Melvin Brown letters  1944-1945
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Collection Scope and Content Note

John Tailyour received 3,757 letters. Most of them concern his business transactions in Jamaica and Scotland. His primary business partners were John and Alex Anderson, Peter Ballantine, David Dick, James Fairlie, George and John McCall, Thomas Renny, and Robert and Simon Taylor. Many of these contacts, including the Andersons, George McCall, and Robert Taylor, stayed in Britain. The Andersons took a particular interest in the slave trade. As a merchant in the American trade, George McCall often sought Tailyour's advice on the markets there, and discussed his own struggles with business after the war. He also served as one of Tailyour's early advisors, as Tailyour began his mercantile career under McCall's tutelage. However, by the 1790s, McCall was asking for Tailyour's advice, as he sought out business positions in Jamaica through John Tailyour's contacts. Eventually McCall's son John became one of Tailyour's clerks in Jamaica.

The correspondence from John McCall, and from David Dick, Tailyour's other clerk, provides some of the most complete information on Tailyour's business and family in Jamaica, after he returned to Scotland. McCall, in particular, often visited Tailyour's Jamaican wife and children, in order to send him reports. Beginning about 1800, the content of McCall's and Dick's letters centered more around their dissolving business partnership. Both men appealed to Tailyour and his cousin Simon for support and arbitration, but the issue of dissolution was settled without them.

Peter Ballantine and James Fairlie were John Tailyour's business partners in Jamaica, and both are an additional source of information on Tailyour's colonial interests after he returned to Britain. Unfortunately, their correspondence begins the year that Tailyour left for Britain (1792), so they offer little information about the founding of their firm, Taylor, Ballantine and Fairlie. However, both Ballantine and Fairlie kept Tailyour advised on the slave, sugar, and dry goods markets, while Tailyour still owned his interest in the Jamaican firm during the 1790s. They, and others, also wrote about events that occurred in the West Indies during the 1780s and 1790s, particularly as they affected the firm's business. They regularly mentioned their concern over the Revolution in St. Domingue in the 1790s, as well as the uprising of the Maroons in 1795, as both events threatened the social stability of Jamaica and its business climate. Ballantine and Fairlie discussed personal information throughout their correspondence, and, once Tailyour sold his interest in the firm, their remarks about family and personal matters became more frequent.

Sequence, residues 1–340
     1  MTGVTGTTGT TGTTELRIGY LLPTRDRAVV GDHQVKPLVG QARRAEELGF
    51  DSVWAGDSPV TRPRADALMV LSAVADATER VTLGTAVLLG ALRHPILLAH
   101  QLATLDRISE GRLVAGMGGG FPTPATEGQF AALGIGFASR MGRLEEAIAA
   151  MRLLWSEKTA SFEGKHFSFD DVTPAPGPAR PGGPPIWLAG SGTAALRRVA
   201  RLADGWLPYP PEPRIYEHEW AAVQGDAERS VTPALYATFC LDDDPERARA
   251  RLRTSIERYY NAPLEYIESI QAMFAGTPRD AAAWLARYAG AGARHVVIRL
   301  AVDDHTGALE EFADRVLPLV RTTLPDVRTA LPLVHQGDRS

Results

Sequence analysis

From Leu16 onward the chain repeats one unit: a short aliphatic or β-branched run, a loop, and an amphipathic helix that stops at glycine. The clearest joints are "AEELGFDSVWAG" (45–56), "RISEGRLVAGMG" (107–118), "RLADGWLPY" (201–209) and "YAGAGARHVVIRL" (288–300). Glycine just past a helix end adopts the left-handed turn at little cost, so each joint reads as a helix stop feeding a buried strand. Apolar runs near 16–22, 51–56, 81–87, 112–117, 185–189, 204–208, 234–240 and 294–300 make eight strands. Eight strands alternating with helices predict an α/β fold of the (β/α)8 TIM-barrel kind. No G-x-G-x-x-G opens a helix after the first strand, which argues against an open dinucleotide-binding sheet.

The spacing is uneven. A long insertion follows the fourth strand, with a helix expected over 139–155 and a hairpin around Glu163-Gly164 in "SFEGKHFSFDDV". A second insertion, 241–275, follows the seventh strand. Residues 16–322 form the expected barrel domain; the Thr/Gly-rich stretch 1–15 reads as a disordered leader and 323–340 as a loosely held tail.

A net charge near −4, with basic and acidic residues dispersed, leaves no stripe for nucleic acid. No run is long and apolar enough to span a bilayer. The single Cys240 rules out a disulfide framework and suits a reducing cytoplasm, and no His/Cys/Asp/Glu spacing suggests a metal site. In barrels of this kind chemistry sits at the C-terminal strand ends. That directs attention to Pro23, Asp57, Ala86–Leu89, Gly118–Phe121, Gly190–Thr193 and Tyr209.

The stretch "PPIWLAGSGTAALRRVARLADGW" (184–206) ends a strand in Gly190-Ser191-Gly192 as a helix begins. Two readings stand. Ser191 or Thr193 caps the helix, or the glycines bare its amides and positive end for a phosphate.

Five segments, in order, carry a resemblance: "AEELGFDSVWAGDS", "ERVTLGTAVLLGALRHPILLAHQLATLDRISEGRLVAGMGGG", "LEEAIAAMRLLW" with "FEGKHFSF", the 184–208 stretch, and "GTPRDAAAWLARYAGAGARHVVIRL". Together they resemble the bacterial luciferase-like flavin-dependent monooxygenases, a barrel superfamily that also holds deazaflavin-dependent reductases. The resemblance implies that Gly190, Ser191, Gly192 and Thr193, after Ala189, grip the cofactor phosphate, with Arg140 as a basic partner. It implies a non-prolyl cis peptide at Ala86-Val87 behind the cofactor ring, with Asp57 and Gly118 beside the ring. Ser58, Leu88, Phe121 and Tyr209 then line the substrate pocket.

As evidence of the strong ties between personal networks and business, Tailyour's brother Robert and his cousin Simon intermixed both personal and business information in their letters to Tailyour. Between 1788 and 1807, both were continually concerned about the possibility of the abolition of the slave trade. Simon also relayed his business orders to Tailyour, who still carried out work for his cousin during his stay in Jamaica. Robert, with his contacts in the East Indies, provided information on the markets there. His letters contain some of the most detailed information on the issue of Tailyour's mixed race children, including descriptions of the two boys. It was Robert who found schools for the children, as well as professions. A number of letters from the two boys, James and John, are included in the collection. James's correspondence is almost entirely centered on his entrance into the East-India Company army, as well as his initial struggles on the subcontinent after his arrival. John, who worked as a clerk, wrote about his future prospects outside the counting house, and his inability to live on his budget.

Tailyour's mother, Jean, wrote several letters, expressing her concerns about her son's colonial family, and about his future plans for returning to Britain. Tailyour's extended family wrote some of the letters, including the Carnegies (his mother's family), and the Foulertons -- Tailyour's sister Catherine married a Foulerton. Tailyour's connections through the Carnegies and Foulertons, helped him to win a spot in the East India Company army for his son. In return, he helped connect several Carnegies in Jamaica, and gave financial support and advice to the Foulertons.

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